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									                          John F. Kennedy Presidential Cabinet

        German-American rocket scientist, Wernher von Braun, once said, “I have learned to use the
word “impossible” with the greatest caution.”i For much of history, space exploration was nothing more
than an impossible feat—the topic left to the boldest of fiction writers. While the history of space
exploration is largely unwritten, recent events illustrate that the possibilities are growing rapidly.
Additionally, governments and citizens of developed nations have taken a strong interest in exploring
and uncovering the Final Frontier.
          During World War II, German scientists tested the V-2 rocket, the world’s first long-range
combat ballistic missile. Launched on October 3, 1942, the V-2 rocket became the first man-made object
in space.ii Shortly after the war, the Allied powers captured the Nazi rockets. Moreover, leading rocket
engineers such as Wernher von Braun agreed to surrender and assist the U.S. in developing a rocket of
their own. On May 10, 1946, the U.S. launched the first scientific exploration—the cosmic radiation
experiment—from space using the V-2 rocket. The U.S. continued to use modified V-2 rockets to
conduct suborbital experiments in space for some years, however, the experiments yielded limited
results due to the minimal amount of time in
          On October 4, 1957, the Soviet Union
surprised the world when it successfully launched
Sputnik, the world’s first artificial satellite, into the
Earth’s orbit.iv The 184-pound satellite was not
only a technological first for the Soviet Union, but
also uncovered the upper atmospheric layer’s
density and could detect meteoroid penetration on
the outer hull. Most importantly, Sputnik
unleashed a firestorm in the U.S., which lead to the
intensification of the American space program.v
Two months later, the U.S. unsuccessfully
attempted to launch Vanguard 1, a solar-powered
satellite.vi Shortly after, the U.S. was able to
successfully launch satellite Explorer 1 with the
help of von Braun and others.vii Meanwhile, the             Sputnik 1 http://en.wikipedia.org/wiki/File:Sputnik_asm.jpg
Soviet Union remained well ahead of the U.S. after
putting the first animal, Soviet dog Laika, in orbit in November of 1957.viii
        Most recently, the                                                             Soviet Union unlocked a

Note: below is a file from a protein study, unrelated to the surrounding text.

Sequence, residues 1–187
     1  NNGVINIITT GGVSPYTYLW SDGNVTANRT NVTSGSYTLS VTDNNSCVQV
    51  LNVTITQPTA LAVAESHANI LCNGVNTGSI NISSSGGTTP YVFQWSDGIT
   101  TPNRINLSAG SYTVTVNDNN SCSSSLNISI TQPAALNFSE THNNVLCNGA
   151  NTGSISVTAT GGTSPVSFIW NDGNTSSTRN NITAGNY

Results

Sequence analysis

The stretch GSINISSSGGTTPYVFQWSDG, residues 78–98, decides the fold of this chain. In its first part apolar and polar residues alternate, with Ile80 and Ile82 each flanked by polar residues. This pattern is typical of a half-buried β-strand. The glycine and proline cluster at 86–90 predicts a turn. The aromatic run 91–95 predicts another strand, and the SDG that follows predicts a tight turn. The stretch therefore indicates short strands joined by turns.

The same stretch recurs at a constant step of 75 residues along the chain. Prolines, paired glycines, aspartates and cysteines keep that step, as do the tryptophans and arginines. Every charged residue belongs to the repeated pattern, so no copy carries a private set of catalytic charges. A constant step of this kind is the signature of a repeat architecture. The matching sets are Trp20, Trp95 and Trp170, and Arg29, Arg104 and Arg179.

new era of exploration as                                                              cosmonaut Yuri Gagarin
became the first human in                                                              space. On April 12, 1961,
Gagarin completed one orbit                                                            around the Earth in less
than two hours.ix The                                                                  advanced     Soviet   space
program shocked the entire                                                             world, namely the United
States.    The     question                                                            remains: who will write the
next chapter on the history                                                            of space exploration?
                       John F. Kennedy Presidential Cabinet

                                                   Yuri Gagarin

         The effect of the Soviet Union’s recent success is two-fold. The launch of Sputnik officially
marked the beginning of the Space Race, a technological and ideological competition of “firsts” between
the U.S. and the Soviet Union. Following the launch, U.S. government officials accelerated efforts at
pioneering space. President Eisenhower’s administration reacted by creating a “Special Committee on
Space Technology” under the National Advisory Committee for Aeronautics (NACA). The committee led
to the formation of the National Aeronautics and Space Administration (NASA). Given an annual budget
of $100 million and 8,000 employees, NASA was expected to finally compete in the Space Race. x Fearing
that the American students lagged behind their Soviet counterparts, Congress also passed the largest
federally sponsored education initiative in history. The National Defense Education Act authorized one
billion dollars for new school construction, scholarships, and loans geared towards higher and vocational
education.xi Clearly, the government believed that the defense industry could not meet its demands
without more manpower. All of this, prompted by the Soviet Union’s launch of Sputnik, had the effect
of garnering collective interest among Americans and igniting what was a dull space program.
         The second major effect associated with the Soviet Union’s success resonated around the globe.
After cosmonaut Yuri Gagarin completed the first human space flight, the Soviet Union could flex its
muscles at the rest of the world. Suddenly, the world order had shifted—now the USSR had the
scientific and technological might to overpower any nation in the world, namely the U.S. This proved
extremely troubling for the U.S. as it was in a Cold War with the Soviet Union. An advanced space